To help bridge the gap between the sevenish of them---the numbers fluctuate, but seven is the core---and those thousands of people they play for regularly, Arcade Fire put on a full stage spectacle; you may have seen video from their Coachella finale, in which LED balls were dropped upon the crowd, like huge solar garden orbs.
"This is the first time we started with a lighting designer and a set designer from the beginning, to design a stage that has a cohesive specific look to it," says Parry. "You tweak it as you go on, generating ideas. It's like doing theatre---you're working on all these different aspects of the show all the time and the primary thing is to just play the songs well."
The songs, this round, are a heavy selection from the year-old concept record The Suburbs, 16 songs that sprawl like the titular neighbourhood design, plus choice cuts from Funeral and the sophomore Neon Bible. "We sort of have a core of, kind of a backbone of songs that the sets are built on," says Parry "It kinda grows over time, but you have the hits"---he chuckles self-effacingly---"I use the term loosely---and we have a larger rotating cast of staple songs that we play and we kind of add songs as we go along, because we get more and more bored with ourselves."
(Brace yourselves, bands, because this part is going to sound just like your life.)
"Cause you know everyone gets bored with their job---they do it, try to expand it and do new things." Parry's favourite song to play right now---three weeks before the Dartmouth show---is the B-side "Speaking in Tongues." "It's brand-new, it's been really fun to play that because we didn't really rehearse it at all, we just said 'Let's learn how to play it by playing it for people,'" he says. "It's nice to feel kind of a bit rickety and a little raw and not sure of what you're doing on stage sometimes. It makes you feel alive."
The band has been on tour relentlessly since The Suburbs' release last August. The night after their Grammy win, in Los Angeles, they played an awards show in England. (That's where, again, they're a bit different from other bands.) Anybody clamouring for a follow-up is going to be waiting awhile---there's no writing on the road. "It's like heads down, we're just trying to keep healthy and keep sane really at this point in the game," says Parry, who also plays in Bell Orchestre with AF mate Sarah Neufeld. "Once you get to a certain length of the tour, you're really just putting your shoulder to the wheel and getting the job done."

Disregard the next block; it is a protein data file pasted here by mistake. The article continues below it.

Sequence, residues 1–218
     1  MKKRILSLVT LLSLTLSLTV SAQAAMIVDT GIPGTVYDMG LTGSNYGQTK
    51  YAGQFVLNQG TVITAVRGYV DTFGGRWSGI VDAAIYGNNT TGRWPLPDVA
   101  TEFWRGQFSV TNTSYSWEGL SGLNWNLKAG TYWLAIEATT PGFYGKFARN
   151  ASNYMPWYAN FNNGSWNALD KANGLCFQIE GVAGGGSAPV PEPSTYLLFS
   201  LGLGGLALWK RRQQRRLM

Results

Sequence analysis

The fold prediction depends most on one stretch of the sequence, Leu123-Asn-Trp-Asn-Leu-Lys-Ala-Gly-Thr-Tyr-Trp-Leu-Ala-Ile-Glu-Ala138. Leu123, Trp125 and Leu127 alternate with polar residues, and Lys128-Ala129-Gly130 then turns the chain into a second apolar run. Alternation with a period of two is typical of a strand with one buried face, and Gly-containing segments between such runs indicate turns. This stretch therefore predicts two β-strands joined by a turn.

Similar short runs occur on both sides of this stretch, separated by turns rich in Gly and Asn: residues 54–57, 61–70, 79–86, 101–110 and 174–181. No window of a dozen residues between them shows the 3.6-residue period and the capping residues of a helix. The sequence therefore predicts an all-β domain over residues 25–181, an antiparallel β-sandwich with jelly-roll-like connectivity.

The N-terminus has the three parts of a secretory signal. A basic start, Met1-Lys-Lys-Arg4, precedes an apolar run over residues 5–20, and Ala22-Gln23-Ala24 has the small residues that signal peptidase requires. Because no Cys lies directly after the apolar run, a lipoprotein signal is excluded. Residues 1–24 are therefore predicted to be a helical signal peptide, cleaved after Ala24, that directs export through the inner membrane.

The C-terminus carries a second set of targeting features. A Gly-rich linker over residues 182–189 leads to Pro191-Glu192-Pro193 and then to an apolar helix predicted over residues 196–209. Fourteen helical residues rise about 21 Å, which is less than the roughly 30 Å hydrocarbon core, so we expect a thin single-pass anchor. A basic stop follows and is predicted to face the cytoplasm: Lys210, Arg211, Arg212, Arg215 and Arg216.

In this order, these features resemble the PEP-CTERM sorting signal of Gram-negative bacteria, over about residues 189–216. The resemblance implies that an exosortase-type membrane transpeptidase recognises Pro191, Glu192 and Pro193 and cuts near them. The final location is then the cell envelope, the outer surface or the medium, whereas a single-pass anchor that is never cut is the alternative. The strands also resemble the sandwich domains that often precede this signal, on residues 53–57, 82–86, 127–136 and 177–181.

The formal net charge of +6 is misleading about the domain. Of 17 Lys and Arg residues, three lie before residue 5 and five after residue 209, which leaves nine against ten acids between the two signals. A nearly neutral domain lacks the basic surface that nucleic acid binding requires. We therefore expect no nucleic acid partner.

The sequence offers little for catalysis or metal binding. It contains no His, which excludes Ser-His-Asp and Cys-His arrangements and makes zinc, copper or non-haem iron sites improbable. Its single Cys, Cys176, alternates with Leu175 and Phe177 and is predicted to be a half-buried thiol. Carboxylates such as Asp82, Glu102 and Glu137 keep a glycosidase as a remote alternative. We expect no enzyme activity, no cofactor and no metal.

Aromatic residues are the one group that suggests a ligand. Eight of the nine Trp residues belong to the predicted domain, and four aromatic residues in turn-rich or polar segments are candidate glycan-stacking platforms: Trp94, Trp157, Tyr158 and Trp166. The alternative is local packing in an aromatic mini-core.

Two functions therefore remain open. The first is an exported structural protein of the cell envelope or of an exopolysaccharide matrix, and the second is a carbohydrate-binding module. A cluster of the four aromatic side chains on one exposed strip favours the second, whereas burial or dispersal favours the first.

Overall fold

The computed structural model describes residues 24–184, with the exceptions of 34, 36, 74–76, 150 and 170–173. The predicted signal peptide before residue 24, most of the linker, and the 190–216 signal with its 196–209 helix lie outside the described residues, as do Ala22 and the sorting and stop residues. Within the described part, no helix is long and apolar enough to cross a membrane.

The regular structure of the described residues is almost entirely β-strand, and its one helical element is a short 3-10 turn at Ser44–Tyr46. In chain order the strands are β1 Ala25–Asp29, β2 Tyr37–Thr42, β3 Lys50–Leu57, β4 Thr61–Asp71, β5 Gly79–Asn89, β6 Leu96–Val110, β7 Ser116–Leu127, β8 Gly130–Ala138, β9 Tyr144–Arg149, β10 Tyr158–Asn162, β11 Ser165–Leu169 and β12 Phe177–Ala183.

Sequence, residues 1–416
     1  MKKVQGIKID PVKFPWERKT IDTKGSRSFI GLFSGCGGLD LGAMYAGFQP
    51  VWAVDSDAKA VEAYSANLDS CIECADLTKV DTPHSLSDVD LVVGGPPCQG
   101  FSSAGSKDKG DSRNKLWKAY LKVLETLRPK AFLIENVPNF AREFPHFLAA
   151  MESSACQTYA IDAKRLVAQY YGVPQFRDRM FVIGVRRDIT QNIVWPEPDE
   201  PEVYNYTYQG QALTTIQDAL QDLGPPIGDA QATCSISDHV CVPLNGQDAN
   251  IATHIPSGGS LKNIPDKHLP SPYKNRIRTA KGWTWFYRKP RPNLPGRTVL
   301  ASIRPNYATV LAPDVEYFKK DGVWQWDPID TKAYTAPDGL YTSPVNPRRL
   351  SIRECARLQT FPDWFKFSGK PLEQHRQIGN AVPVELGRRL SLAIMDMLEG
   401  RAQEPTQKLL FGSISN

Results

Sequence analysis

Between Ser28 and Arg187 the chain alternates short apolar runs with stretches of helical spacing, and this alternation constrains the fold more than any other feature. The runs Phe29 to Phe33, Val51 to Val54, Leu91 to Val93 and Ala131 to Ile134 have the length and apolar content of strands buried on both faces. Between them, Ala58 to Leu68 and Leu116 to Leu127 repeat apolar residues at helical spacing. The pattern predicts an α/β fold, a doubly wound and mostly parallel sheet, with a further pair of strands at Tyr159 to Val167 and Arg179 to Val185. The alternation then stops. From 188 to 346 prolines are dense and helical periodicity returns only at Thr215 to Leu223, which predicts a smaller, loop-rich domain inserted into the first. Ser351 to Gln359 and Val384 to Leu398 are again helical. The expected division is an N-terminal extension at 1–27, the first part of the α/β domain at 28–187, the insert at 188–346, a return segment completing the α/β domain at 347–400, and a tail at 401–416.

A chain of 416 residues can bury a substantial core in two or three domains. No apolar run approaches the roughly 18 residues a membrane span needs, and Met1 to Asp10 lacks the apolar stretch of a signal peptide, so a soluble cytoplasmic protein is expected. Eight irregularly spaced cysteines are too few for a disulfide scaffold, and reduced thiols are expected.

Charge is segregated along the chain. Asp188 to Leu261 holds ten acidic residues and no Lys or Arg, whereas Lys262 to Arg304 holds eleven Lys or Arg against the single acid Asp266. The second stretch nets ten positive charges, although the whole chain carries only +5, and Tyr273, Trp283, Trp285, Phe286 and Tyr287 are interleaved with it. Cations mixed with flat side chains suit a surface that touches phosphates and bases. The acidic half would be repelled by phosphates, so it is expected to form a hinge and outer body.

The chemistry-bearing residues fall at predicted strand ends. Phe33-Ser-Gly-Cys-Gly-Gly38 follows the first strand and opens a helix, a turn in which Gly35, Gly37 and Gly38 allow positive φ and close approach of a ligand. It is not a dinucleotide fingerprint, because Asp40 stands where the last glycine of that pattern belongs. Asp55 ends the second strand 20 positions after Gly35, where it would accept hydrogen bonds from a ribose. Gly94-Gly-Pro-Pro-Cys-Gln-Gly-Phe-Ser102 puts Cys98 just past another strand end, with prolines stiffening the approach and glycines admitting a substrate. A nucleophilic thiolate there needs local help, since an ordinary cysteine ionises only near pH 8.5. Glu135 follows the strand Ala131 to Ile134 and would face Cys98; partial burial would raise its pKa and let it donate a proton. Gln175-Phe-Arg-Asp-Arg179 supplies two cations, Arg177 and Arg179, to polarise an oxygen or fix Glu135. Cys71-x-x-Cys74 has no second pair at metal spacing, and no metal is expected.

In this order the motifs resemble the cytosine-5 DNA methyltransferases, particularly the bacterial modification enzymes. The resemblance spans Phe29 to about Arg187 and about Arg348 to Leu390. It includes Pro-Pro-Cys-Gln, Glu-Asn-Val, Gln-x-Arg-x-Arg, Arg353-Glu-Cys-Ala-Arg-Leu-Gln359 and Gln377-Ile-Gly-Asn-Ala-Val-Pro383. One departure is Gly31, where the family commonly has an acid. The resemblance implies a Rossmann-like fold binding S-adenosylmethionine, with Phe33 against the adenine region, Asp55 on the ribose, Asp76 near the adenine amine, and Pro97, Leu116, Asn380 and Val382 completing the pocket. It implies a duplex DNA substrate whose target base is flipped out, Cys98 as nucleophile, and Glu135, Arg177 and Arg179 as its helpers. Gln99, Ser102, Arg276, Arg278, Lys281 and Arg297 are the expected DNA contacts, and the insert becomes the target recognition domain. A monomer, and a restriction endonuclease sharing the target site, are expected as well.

(The job thing, again.)
"Any kind of comfort of home that you can manufacture for yourself you tend to be pretty grateful for on tour," he goes on. "A lot of cities we repeatedly play, we'll be in the same place every time---you find the awesome coffee or the awesome cute restaurant, that little spot with the great swimming pools or whatever. All these little things that make your life a little bit more manageable even though you're living on a bus.
"I try and find swimming pools wherever I go, I'm a swimmer---it keeps me sane and healthy. It depends on the city, also---you can only do so much wherever you are."
So look out for tall redheads at the Sportsplex on Thursday, and then it's off to Moncton for the biggest existing rock spectacle. "They're really personable, nice folks---just in an insane position," says Parry. "I feel like our band is just personable, nice folks in an insane position, but U2 is 10 times more insane and has been going on a lot longer. They're just people who have worked really hard at what they do and created something bigger than themselves, and they just try and keep doing that the best they know how.
"Try and change it and let it evolve, but also let it be what it is all the time. Just letting something be what it is artistically, over a long period of time, and continuing to do it, it's a really hard thing to do."
Arcade Fire is a band like any other band. Except.
Tara Thorne is copy chief at The Coast. She grew up in the country, but could not write 16 songs about it.